With the news breaking yesterday that team owner Robbie Nichols and the local IDA in the Elmira area were able to reach a deal, the Federal Hockey League will have a team at First Arena this fall, and for a number of reasons, it’s the biggest day in FHL history.
Now, many will point to Carolina as the biggest get in the league, and I disagree with that for a couple of reasons. Yes, they set attendance records that may never be broken in the FHL, but the Winston-Salem area was not exactly a hockey hotbed, and had tried numerous times to have hockey in the area that all failed. So while Carolina was a big announcement, there was no guarantee it was going to work and be the success that its been, especially in a market that is 10-plus hours from the next closest team, and in the heart of SPHL country.
But back to Elmira, everything about this seems like a home run for the owners, the city, and the league.
It’s such a big get for the FHL because Elmira is a hockey town and has routinely packed the First Arena, regardless of the league, getting crowds that have always been larger than Carolina got, and in an area that has a fraction of the population that Winston-Salem does.
In seven seasons in the UHL, Elmira’s LOWEST attendance was 2692, about 500 more than Carolina averaged this season. In those seasons, average attendance was around 3200 fans a night. And when the team jumped up to the ECHL, attendance stayed strong until the end when ownership issues drove some fans away. In 10 ECHL seasons the last season was the lowest at 2300 a night, which would have still led the FHL last season. The first five seasons in the ECHL were around 3500 fans a night, while the last five, including that 2300 mark, were around 2500 fans a night. That includes the team missing the playoffs each of the last four years, so even with bad teams, questionable ownership, and a rink in need of repairs, there were fans willing to go.
I’m not saying that you should expect 3500 fans a night, or even 2500 fans a night, because we have no idea how fans, particularly casual fans, will take to the FHL, especially considering the league’s past that some fans may read about. But it’s clear that people in Elmira like hockey and will support it if done right. And if Elmira even comes close to that 2500 number, for the sake of a number let’s say 1500 to 2000 a night, then it’s a huge success for the FHL.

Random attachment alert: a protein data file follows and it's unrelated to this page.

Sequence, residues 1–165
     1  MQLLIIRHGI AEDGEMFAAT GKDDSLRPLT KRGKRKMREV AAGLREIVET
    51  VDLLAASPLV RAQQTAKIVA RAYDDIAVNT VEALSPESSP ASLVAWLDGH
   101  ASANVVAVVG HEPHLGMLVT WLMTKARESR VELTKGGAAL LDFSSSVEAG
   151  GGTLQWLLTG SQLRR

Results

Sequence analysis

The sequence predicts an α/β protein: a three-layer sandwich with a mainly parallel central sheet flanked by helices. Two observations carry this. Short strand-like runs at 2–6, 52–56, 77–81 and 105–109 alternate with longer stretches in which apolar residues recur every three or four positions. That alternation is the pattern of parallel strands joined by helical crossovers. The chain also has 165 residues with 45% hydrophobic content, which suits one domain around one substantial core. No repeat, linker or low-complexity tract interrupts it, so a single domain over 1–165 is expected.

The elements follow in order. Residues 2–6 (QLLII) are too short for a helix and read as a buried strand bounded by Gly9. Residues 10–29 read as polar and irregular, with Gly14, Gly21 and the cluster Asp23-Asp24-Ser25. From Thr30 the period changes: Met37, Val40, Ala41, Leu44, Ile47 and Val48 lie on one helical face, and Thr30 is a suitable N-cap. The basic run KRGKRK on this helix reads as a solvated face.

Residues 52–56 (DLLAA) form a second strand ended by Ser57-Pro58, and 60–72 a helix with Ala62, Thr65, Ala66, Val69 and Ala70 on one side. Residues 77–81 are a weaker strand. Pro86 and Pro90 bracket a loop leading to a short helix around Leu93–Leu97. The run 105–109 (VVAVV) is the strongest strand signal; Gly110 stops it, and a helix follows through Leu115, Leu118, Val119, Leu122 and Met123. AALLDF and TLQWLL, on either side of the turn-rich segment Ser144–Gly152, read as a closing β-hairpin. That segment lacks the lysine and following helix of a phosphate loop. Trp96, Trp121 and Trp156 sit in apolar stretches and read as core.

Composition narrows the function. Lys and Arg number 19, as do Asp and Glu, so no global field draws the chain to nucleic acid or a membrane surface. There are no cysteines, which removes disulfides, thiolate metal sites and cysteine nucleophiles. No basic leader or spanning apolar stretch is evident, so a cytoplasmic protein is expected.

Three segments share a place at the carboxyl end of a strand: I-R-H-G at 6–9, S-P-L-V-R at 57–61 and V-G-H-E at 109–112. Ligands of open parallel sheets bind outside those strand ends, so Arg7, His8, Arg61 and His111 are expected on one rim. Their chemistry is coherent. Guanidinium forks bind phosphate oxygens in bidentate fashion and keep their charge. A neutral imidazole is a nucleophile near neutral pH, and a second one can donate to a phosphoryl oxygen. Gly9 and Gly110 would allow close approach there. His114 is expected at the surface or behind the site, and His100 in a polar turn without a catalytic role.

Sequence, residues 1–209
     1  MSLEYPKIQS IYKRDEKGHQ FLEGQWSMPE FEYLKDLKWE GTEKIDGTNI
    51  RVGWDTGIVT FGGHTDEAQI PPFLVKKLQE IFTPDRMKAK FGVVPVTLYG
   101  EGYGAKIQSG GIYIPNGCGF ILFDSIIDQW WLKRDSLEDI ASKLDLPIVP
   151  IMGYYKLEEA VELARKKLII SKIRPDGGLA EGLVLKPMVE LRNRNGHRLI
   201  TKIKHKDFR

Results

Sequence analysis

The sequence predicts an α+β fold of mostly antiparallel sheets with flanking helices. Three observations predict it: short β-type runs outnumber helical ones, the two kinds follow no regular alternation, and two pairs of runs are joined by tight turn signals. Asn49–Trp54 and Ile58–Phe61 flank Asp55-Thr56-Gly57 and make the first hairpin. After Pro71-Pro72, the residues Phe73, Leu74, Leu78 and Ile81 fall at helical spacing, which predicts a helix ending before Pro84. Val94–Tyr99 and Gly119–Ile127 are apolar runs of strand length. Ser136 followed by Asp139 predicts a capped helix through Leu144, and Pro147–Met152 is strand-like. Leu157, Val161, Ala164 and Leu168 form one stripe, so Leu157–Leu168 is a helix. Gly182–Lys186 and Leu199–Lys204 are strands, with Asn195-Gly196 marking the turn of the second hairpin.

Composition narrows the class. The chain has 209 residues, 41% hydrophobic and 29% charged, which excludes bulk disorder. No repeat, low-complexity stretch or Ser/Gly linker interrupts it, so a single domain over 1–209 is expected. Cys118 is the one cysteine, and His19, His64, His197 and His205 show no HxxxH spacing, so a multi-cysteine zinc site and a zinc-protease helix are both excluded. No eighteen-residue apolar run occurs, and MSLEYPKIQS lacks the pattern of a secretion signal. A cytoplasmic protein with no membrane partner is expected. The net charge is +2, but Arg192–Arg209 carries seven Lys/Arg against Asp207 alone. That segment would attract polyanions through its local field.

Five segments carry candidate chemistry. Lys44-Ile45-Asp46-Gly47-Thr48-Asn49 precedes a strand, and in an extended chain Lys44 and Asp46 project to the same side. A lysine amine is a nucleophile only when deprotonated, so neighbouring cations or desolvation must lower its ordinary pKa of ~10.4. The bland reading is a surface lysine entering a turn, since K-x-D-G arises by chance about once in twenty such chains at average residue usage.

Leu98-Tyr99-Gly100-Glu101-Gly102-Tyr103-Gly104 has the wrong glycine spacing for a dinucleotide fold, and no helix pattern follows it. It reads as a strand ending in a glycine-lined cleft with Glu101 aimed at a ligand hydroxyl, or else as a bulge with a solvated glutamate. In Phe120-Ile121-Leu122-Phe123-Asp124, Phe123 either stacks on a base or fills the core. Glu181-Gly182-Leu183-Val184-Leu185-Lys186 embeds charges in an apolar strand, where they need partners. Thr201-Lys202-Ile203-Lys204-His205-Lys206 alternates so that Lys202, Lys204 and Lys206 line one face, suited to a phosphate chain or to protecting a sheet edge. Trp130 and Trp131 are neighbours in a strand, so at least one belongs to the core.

Now back to that hockey done right comment. From everyone we’ve spoken with in the Elmira area, from fans and news alike, they all had nothing but fantastic things to say about the owner of this new team, Robbie Nichols.
Nichols co-owns a baseball team in Elmira, the Perfect Game Collegiate Baseball League’s Elmira Pioneers, so he has connection to the area (he was also former GM of the Jackals from 2007-13), and knows what people in the area want in a hockey team, and how to market it to bring people back. And if you need proof, Elmira is currently tops in the PGCBL in attendance of the 10 teams who report attendance, averaging 2,690 fans a night through 13 home games; 1,100 fans more per night than the next closest team.
But as great as having local ownership and potentially a large fanbase is, for the FHL, the bigger thing is the potential doors this opens up for the league.
Having Nichols and the hockey population in Elmira on-board will give future markets more of a reason to strongly consider joining the FHL. In the past there were negative connotations associated with the FHL, and for good reason in some cases, but to get a great minor league market, with a strong local ownership group, is a huge shot in the arm to the FHL’s future prospects.
And who knows, maybe with Elmira on-board you can lure back some more old UHL markets, or bring in new ones that may be nearby in New York, Pennsylvania, or other eastern states.
Now, this is not to say that there won’t be challenges in making an Elmira a success. There are still Ts to cross and Is to dot before things are final with the team and the rink, and then there are TONS of things that need to be done with both the team and arena in a short amount of time.
The FHL season is set to start on October 26 (rumored), 106 days away. So Nichols and Co. have basically three months and two weeks to try to get a hockey staff, both on and off the ice, in place, come up with a team name, get jerseys, sell sponsorships, sell season and group tickets, hold tryouts, and generally just get a team together. That’s not a lot of time to do all that. But if Nichols is a good as everyone says he is, he likely has a lot of pieces and people in place for this, and didn’t just fly in on a whim to get a hockey team.
And the rink is reportedly in needs of plenty of repairs, like the roof, cooling system, boards, and boilers, and that is all stuff that will need to be taken care of before a team can practice in the arena, let alone play a game with thousands of fans inside.
But one assumes that will all get worked out and done before the season starts, because again, you (hopefully) don’t come into putting hockey team down in an area you live in with no plan in place.
It’s a big day for Elmira getting hockey back, but it’s just as big a deal for the FHL as a whole, because Elmira just might be the key to bringing this league to widespread respect in the hockey world, and not a moment too soon.